Travelers Championship

TPC River Highlands


Jack Nicklaus shows off his incredible memory by recalling detailed result from seven DECADES ago

June 05, 2024

Tracy Wilcox

Jack Nicklaus has 18 majors and 73 PGA Tour titles to go along with a pair of U.S. Amateur wins on what is arguably the most impressive resume in golf history. But there's one USGA tournament he never conquered. And the Golden Bear seems well aware of that fact well into his golden years.

Nicklaus held his traditional Tuesday press conference ahead of the Memorial Tournament and was asked about a wide variety of topics, including his event's unusual placement on the PGA Tour calendar this year. But when he was asked about U.S. Open setups, in particular last year's at Los Angeles Country Club, ahead of next week's major at Pinehurst, the 84-year-old legend impressed reporters with his memory.

"I played it in 1954, the USGA Juniors, I was 14 years old," Nicklaus recalled. "And my memory of L.A. Country Club was that was Byron Nelson giving a clinic. And they had just replaced the irrigation system and the caddie that was shagging the balls for Byron would start walking backwards and he never took a step off the irrigation system all the way back. That's what I remember about L.A. Country Club. I got beaten in the second round I think Hugh Royer Jr. beat me in there."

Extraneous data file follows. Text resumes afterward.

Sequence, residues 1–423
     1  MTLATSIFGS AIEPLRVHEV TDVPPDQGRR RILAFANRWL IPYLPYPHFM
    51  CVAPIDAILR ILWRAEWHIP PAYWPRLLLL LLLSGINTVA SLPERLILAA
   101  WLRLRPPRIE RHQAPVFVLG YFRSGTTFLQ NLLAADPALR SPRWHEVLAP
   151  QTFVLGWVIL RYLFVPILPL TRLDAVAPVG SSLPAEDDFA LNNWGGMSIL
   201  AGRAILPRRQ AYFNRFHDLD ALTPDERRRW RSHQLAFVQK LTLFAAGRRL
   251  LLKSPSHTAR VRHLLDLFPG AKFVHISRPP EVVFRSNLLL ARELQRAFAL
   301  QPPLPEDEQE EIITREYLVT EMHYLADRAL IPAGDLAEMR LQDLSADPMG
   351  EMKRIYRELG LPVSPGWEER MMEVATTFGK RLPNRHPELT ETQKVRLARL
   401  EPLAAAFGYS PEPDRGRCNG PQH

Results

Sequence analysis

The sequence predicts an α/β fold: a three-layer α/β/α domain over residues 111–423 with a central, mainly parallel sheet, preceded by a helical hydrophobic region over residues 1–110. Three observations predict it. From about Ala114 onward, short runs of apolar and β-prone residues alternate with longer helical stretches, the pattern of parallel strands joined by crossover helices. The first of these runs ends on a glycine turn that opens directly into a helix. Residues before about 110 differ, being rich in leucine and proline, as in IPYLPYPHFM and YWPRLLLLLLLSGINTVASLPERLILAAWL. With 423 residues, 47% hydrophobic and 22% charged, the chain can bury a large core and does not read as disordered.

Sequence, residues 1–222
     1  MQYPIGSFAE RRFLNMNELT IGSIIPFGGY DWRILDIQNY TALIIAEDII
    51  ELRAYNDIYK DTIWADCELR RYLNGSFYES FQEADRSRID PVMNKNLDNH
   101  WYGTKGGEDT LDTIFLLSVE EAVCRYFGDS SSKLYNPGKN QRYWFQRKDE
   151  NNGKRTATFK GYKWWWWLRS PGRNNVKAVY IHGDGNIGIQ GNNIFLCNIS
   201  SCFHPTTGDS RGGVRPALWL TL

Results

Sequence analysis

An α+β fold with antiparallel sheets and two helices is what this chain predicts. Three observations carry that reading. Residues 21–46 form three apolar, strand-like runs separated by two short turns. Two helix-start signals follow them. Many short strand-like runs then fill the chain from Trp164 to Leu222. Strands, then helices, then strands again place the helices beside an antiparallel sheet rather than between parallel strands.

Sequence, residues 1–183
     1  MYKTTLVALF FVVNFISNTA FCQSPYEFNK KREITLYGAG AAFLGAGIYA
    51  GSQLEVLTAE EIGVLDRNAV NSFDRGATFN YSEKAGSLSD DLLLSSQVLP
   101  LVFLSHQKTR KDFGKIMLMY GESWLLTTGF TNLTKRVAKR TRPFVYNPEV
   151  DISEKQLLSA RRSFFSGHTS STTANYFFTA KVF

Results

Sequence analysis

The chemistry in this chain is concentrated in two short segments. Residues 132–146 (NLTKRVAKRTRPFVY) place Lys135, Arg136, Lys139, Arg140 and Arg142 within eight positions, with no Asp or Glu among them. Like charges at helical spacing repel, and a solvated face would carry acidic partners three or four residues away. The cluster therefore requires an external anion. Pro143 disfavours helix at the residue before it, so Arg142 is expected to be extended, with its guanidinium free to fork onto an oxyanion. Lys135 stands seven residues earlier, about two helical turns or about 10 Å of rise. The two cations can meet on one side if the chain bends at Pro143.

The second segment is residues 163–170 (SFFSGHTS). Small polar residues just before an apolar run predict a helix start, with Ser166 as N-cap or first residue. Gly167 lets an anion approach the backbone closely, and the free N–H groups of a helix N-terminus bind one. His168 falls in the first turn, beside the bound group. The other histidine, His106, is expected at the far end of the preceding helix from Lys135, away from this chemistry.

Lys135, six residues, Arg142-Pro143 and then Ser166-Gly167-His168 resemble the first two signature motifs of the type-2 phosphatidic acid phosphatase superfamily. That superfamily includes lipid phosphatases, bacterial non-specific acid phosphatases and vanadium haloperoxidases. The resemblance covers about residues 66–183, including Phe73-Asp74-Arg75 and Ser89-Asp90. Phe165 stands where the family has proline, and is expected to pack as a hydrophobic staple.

Beaten in the second round of the 1954 U.S. Junior by Hugh Royer Jr. at LACC. Of course, Jack's right. What a pull from 70(!) years ago.

Hey, sometimes your most painful losses—the U.S. Junior is the only USGA event Nicklaus was qualified for that he never won at least once—are even more memorable. Tiger Woods remembered the last match he lost in a U.S. Junior, "Dennis Hillman from Rye, NY" when asked about it a few years back.

But again, Jack is talking about something from seven DECADES ago. Talk about being sharp. It led to this funny exchange:

Q. This is just on my mind, but you've played a lot of golf in your career. How in the world can you remember losing to Hugh Royer at age 14 at the U.S. Junior?

JACK NICKLAUS: I didn't want to tell you, I think it was 5 & 3. (Laughing).

Q. That's all I had.

JACK NICKLAUS: I don't remember whether that was right or not, but, you know, who cares. But, you know, if I throw out a number you say, Man, what a memory. Whether it's truth or not, who knows.

Great point, Jack. But something tells us you've got that score right as well.